7 Ways to Build Trust with Parents via a Weekly School Newsletter

Dr. Kara Stern
3 min read
Two women sitting on a couch. One of them using a laptop.

A key ingredient to student success is communicating with parents. The more parents know about what’s happening in school, the more supportive they are of their children’s teachers.

A key ingredient to student success is communicating with parents. The more parents know about what’s happening in school, the more supportive they are of their children’s teachers.

An easy and effective way to build strong communication channels with parents is via a regular update. In fact, a recent nation-wide survey noted that a whopping 84% of teachers said a top priority for communications is building trust with parents.

Ready to dive in?

  1. Stay consistent: when parents know their classroom update arrives in their inbox every Monday at 4pm, they appreciate that you’re taking the time to keep them informed.

💡 “With any type of communication, consistency is key”
Eric Ewald
Principal, Van Allen Elementary, Iowa City CSD

2. State classroom policies clearly and regularly: homework, late work, grading, etc. Parents breathe easier when there’s no ambiguity about the rules.

3. Share assignments and due dates. Kids excel at playing their parents; make it harder by keeping parents up-to-date 😜.

4. Show off their kids: When parents see their child in your update, they see evidence of a solid relationship. Keep a checklist to make sure that you include every child over the course of a month.

“Keep a checklist to make sure that you include a photo of every child over the course of a month.”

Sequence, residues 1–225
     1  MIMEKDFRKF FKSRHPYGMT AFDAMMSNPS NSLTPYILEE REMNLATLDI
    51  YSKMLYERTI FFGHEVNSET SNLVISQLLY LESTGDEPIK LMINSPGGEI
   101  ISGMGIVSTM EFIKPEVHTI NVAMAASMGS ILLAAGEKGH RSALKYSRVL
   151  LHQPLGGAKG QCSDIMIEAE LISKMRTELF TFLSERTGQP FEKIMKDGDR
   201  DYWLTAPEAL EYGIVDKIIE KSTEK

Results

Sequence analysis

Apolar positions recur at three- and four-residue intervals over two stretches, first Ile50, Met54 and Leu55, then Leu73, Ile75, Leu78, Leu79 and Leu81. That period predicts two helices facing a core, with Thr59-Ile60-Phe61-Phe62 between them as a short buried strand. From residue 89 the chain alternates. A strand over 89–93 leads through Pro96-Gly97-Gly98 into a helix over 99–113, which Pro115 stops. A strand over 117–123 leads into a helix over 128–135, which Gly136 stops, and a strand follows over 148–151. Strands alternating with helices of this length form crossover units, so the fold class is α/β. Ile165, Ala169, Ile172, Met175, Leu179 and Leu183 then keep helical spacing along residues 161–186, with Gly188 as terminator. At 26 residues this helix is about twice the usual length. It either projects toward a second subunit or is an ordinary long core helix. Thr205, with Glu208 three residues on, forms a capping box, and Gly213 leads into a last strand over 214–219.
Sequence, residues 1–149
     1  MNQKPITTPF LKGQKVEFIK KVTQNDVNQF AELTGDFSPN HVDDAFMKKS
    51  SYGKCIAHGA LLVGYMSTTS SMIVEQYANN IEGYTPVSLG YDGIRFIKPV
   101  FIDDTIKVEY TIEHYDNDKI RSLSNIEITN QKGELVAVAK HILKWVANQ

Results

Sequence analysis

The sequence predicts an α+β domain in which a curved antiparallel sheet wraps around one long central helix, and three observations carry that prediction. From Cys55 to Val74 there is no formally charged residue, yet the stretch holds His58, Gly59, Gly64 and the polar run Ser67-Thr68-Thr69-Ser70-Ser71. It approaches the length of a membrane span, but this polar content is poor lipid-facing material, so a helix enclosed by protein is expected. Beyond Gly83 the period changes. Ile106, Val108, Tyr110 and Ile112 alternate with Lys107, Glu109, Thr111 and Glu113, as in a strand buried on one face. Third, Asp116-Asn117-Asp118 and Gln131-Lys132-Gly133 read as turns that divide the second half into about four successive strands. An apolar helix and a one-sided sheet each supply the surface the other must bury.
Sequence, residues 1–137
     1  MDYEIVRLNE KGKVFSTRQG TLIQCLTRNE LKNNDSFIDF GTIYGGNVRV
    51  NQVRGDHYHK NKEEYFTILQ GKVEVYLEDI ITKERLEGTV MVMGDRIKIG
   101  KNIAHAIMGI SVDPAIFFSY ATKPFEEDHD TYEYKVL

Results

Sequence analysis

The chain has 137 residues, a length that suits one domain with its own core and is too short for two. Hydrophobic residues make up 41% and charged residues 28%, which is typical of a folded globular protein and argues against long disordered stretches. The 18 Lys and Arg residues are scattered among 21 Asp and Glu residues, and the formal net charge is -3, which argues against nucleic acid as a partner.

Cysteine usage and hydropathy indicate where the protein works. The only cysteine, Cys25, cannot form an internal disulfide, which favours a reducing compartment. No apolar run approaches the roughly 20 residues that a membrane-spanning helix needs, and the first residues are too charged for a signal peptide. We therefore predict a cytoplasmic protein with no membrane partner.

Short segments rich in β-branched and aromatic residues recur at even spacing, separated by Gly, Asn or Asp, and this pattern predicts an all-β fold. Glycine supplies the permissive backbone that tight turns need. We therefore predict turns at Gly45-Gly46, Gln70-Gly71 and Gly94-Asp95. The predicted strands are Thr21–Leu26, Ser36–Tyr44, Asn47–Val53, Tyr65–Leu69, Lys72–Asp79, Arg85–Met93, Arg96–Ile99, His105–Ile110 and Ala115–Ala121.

5. Give parents talking points: Share weekly prompts that help parents connect with their kids about school, like, “Ask your child to explain: why plants turn toward the sun” or “Ask your child to show you: Three ways to multiply two-digit numbers.”

6. Solicit parent input: Parents appreciate when you value their opinions. Include a monthly poll or survey in your newsletter, and make sure to share how you incorporate their feedback.

7. Share a good resource. Parenting is trial and error. If you come across a good article, blog post, or website with info that will help parents support their learners at home, pass it along!

No need to start from scratch. We made a school newsletter template to help you get started. Good luck! If you have a success story to share, we’d love to hear it. Write to kara at smore dot com, and I’d be glad to feature your story in a blog post or newsletter.

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Dr. Kara Stern

Dr. Kara Stern began her career as an ELA teacher, then shifted into administration as a middle school principal. Dr. Stern is a fervent advocate for equitable communication and family engagement. She spent five years as Executive Director at Math for America, where she designed the professional learning community that exists to this day. An unexpected move to Tel Aviv launched her into the world of EdTech where she became the Director of Education Content for Smore and then the Head of Education Solutions at SchoolStatus. Outside of work, she indulges her love for reading, devouring two novels weekly, with a particular fondness for heists and spy stories.

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